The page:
Last century witnessed a tremendous growth in the number of schools built in California and across the United States. From elementary schools to the construction of institutions of higher learning, as the population grew, so grew the demand for schools to educate that population.
Unfortunately, along with that growth in the number of schools, which the country can be justly proud of, there is something that few would be proud to acknowledge. Most, if not all, of those buildings contain asbestos.
The period of growth after the Second World War also coincided with the vast use of asbestos in hundreds of applications in home and building construction. Asbestos was useful for its fireproofing and insulating properties and was very widely employed in the construction of homes, schools and businesses.
Most of those buildings are still in use today and the now-aging products, whether pipe insulation, air duct insulation or in-ceiling, floor tile and plaster used in walls, is becoming worn, or in the worst cases, friable. This means the substance that contains the asbestos is brittle and the asbestos fibers can easily break off and become airborne.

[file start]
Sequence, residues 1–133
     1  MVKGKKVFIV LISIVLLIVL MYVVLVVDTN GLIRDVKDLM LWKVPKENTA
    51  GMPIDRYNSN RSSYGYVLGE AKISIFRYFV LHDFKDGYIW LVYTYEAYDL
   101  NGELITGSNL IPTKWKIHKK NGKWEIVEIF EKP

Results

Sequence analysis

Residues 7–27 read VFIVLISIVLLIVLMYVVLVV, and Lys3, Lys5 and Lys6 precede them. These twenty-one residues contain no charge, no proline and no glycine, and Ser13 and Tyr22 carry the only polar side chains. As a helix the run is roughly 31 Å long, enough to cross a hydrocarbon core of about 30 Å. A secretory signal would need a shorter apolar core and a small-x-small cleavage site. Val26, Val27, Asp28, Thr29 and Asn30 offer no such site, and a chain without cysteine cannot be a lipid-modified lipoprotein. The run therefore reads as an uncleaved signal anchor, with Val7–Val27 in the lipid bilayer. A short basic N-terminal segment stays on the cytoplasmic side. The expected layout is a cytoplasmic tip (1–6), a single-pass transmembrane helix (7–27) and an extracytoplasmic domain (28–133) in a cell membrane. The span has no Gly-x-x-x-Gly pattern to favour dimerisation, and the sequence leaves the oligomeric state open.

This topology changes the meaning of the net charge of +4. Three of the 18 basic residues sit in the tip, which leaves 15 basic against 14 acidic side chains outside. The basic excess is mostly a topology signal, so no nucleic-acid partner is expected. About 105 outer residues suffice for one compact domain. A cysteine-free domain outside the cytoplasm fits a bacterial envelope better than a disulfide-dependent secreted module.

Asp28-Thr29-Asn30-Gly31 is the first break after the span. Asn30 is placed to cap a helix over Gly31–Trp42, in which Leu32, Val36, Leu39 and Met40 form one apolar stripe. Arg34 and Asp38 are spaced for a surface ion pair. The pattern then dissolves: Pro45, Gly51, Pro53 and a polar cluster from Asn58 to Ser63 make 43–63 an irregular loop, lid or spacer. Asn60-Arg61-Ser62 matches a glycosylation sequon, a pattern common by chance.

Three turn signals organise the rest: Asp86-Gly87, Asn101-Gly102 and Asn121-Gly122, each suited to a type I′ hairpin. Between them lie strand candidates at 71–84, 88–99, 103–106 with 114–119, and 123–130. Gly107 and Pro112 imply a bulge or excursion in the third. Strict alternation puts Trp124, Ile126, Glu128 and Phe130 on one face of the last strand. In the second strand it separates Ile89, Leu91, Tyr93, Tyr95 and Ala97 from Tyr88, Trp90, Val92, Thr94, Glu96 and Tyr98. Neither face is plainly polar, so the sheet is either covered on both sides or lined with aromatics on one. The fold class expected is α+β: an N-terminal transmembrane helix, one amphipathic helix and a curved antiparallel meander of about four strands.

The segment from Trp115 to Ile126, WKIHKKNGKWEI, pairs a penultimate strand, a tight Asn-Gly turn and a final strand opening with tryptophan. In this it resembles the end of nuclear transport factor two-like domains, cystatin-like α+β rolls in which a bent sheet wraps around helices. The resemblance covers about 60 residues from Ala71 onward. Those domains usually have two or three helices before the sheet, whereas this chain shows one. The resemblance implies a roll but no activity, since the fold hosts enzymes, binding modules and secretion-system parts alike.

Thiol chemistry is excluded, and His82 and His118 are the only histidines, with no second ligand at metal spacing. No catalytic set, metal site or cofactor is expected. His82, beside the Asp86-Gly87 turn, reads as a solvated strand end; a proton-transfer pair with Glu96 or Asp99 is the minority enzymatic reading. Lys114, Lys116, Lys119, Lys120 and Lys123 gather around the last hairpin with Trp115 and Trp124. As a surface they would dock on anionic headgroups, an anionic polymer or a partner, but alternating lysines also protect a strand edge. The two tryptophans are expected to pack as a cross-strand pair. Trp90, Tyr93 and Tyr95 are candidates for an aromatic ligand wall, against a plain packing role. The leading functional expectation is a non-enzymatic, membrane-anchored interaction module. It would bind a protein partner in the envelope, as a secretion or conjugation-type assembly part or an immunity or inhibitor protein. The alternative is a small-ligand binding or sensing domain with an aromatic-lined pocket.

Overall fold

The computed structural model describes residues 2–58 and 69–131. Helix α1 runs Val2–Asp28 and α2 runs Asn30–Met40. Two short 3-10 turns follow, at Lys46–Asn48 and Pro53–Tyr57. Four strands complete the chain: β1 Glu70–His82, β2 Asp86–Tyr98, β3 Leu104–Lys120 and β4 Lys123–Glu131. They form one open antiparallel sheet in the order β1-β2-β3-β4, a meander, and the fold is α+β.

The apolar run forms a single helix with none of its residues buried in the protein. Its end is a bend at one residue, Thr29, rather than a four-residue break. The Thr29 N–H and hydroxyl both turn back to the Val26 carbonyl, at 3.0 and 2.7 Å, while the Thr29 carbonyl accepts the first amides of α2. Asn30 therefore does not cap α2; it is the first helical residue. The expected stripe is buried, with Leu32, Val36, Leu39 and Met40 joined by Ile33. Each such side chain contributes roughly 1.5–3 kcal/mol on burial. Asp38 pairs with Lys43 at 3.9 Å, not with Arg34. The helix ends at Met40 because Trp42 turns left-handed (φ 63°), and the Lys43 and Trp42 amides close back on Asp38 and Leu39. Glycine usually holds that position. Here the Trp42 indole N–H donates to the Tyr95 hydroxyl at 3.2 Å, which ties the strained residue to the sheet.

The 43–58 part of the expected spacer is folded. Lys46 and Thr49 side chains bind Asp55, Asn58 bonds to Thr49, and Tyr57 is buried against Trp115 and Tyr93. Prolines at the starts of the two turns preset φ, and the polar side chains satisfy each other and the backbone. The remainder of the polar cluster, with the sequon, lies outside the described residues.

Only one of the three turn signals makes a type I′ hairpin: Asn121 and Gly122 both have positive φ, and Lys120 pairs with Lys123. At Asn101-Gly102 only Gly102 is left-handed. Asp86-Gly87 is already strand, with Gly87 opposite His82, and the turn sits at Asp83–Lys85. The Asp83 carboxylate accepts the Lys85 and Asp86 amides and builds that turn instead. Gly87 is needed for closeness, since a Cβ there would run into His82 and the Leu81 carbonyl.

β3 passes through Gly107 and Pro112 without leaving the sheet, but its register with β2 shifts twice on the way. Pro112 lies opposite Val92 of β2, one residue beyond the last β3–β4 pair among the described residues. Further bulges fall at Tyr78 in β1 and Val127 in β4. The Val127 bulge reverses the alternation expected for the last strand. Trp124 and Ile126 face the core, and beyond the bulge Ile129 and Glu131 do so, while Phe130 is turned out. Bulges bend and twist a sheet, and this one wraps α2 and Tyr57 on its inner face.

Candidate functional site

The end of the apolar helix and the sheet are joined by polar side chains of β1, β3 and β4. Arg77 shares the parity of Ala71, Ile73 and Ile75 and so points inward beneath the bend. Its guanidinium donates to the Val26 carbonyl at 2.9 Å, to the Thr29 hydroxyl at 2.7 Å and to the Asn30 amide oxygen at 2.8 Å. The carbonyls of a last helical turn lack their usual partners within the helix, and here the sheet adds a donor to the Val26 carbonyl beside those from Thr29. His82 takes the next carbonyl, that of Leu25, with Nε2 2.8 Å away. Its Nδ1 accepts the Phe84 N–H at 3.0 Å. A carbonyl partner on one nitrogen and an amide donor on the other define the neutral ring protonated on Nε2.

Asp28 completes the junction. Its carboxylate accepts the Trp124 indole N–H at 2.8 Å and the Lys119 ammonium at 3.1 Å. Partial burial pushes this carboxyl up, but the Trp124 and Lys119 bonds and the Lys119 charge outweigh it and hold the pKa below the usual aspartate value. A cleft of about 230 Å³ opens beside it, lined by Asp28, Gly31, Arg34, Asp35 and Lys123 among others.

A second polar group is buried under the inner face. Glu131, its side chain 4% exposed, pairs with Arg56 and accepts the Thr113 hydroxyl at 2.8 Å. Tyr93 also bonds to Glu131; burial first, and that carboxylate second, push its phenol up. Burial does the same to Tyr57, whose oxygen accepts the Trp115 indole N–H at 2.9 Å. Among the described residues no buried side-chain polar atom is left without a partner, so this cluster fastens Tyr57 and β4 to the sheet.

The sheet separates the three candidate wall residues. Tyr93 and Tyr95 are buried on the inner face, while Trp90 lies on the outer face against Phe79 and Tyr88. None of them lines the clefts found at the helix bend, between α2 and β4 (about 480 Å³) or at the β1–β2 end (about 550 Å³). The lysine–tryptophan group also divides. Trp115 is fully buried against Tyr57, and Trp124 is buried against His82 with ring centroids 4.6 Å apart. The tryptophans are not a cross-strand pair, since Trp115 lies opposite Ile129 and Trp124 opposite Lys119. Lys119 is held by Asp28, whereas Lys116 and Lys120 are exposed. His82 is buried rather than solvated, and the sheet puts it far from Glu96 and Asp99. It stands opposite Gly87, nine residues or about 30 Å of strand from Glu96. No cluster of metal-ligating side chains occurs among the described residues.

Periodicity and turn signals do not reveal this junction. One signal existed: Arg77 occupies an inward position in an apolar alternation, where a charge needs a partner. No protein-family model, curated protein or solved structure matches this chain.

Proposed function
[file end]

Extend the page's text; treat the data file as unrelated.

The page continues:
Apparently something like that has been found in a school building in Michigan, where Warriner Hall at Central Michigan University has been closed until further notice, as the school officials work to develop a plan to abate the asbestos lining the air ducts and pipes within the building.
Elevated amounts of asbestos were found in air samples after work had been done in the crawl spaces where the some of the asbestos materials are located.
One hopes that the asbestos detected had only been released due to the recent work and not that it has been slowly being distributed by the air currents in that area, as that could have allowed hundreds of people over many years to be exposed.
Source: mlive.com, “Asbestos discovery closes Central Michigan University building,” Heather Jordan, June 2, 2015